There is a mystery to this dynamic. Jesus preached God’s unconditional love and invited everyone to receive it. The trick is that we can only receive that love by risking everything else, as he said, by losing our life to save it. Apostles will know the love of God and the coming of the kingdom only to the extent that they give themselves to it. In knowing the love of God they will be impelled to share it. When they are dismissed and persecuted, they will understand that as an experience of solidarity with God and of God with them. Like fledgling sparrows learning to fly, they will set off behind their master trusting that the Father of Jesus will care for them as he had for Jesus himself. They will not be afraid.
You are not Alone
By Heather Neds
The Gospel we hear today is clear. The truth cannot be hidden from God; everything is revealed in his presence. When you check in with God, nothing is hidden. God knows our deepest secrets and knows our true intentions. God is ready to offer strength, support and even the words to heal our spirits. Acknowledge God and we will be delivered safely into his arms. This is what it means to be a disciple.
Early in Matthew’s account we hear Jesus say: “Blessed are you when they insult you and persecute you and utter every kind of evil against you falsely because of me. Rejoice and be glad, for your reward will be great in heaven” (Matthew 5:11-12a). Must we suffer hateful stares that stab like daggers? The judgmental whispers behind closed doors? Unkind words, false accusations and the like? Is this the price we pay to get to heaven?
Jesus is no stranger to people watching and waiting for him to misstep. Sitting in wait, ready to tear him down and put him to shame. During much of his public ministry, many of the Sadducees and Pharisees were plotting against him. They tried to twist his words and trap him into blasphemous speech.
The religious leaders created a plan to get rid of him. They arrested him and made up allegations of wrong doing. They ridiculed him for speaking what he believed was the truth. Then beat him until his body was broken and unrecognizable. But they didn’t get the best of Jesus, even as he stood silent, without protest. Those who plotted against Jesus believed they were saving the people from the heresy Jesus spoke. When they tore Jesus down, it inflated their egos. They felt they were right to “put him in his place.”
Though Jesus’ opponents attacked his body and mind, his spirit remained strong. They believed they had power over him. But Jesus didn’t let those who persecuted him have the last word. He knew he needed to persevere so justice could prevail. When Adam and Eve brought sin into the world, Jesus already knew he would come to earth in order to free us from sin. He knew he needed to die so the battle could be won. When he died on the cross, Jesus overcame evil once and for all.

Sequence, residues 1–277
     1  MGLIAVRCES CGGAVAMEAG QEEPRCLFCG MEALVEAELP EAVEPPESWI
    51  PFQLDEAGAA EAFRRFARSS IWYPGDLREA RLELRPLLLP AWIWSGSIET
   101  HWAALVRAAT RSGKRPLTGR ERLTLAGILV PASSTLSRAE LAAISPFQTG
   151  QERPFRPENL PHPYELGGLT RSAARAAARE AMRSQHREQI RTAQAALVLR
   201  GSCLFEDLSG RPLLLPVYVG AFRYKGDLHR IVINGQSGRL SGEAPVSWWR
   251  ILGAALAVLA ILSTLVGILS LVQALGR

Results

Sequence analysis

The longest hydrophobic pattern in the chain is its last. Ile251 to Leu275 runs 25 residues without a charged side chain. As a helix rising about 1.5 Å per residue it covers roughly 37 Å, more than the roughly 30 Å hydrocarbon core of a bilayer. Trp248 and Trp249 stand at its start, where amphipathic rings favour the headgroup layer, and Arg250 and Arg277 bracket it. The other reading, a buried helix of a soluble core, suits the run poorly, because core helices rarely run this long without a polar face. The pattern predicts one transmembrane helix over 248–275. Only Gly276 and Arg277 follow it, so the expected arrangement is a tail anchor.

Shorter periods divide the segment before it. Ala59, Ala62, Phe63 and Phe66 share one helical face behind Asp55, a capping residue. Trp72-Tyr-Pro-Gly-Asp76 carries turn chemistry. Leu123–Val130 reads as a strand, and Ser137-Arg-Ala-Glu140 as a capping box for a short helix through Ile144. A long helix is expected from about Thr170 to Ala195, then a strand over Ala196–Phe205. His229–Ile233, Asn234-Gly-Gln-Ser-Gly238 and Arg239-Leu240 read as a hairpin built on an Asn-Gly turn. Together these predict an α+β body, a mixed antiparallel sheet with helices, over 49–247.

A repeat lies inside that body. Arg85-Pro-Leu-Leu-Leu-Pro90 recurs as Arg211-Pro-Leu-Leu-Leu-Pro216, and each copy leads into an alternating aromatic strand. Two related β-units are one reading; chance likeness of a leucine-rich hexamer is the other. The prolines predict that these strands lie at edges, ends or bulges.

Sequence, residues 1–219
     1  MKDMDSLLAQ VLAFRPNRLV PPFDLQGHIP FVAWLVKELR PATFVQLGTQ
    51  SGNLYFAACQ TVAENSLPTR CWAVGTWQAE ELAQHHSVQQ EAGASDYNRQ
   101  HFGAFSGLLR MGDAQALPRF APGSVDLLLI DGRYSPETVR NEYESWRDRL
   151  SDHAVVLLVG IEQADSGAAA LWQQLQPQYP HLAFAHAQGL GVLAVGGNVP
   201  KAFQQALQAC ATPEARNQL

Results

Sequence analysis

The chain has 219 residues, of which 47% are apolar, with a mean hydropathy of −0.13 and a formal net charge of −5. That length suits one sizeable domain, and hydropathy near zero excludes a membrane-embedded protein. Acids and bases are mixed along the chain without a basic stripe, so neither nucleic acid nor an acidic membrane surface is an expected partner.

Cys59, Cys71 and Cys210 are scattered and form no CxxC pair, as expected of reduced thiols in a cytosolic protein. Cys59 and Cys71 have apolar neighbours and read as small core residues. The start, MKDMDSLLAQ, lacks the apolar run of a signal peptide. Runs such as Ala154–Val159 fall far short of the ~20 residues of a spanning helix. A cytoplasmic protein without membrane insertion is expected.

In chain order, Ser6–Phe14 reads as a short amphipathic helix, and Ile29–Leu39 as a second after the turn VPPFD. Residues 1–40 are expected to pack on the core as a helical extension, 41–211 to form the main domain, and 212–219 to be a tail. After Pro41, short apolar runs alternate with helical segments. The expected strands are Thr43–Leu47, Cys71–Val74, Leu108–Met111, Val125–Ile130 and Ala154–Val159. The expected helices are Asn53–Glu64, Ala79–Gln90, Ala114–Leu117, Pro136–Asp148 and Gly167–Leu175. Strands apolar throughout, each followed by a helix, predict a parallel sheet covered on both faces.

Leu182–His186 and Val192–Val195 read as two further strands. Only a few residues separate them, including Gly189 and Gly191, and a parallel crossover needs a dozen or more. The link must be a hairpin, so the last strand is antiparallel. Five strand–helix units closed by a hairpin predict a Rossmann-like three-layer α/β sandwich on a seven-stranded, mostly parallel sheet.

How do you respond when you are given the cold shoulder, passed up for a promotion or even fired? Do you fight back? Throw stones? Where do you turn for help in the battle? How do you persevere? When put to the test, what do you do?
As a disciple, you need to follow Jesus’ example. He knew he was not alone — and neither are you. From the Garden of Gethsemane to his resurrection, God was there with Jesus. He was there in the words Jesus spoke to those who defended him when he was arrested. God was there comforting Jesus as the crown of thorns pierced his skull. Jesus was surrounded by angels, protecting him with each snap of the whip and each painful step he took carrying the cross. And after Jesus died, God let the darkness settle before the light was revealed in the resurrection.
Are you standing in the light? Shouting God’s praise from the rooftop? Do you acknowledge God when you are in the trenches and the whole world seems to be against you? Do you stand in truth with God be your constant help? Do your words and actions reflect your trust that God will not abandon you, that he is with you through it all? This is what it means to be a disciple.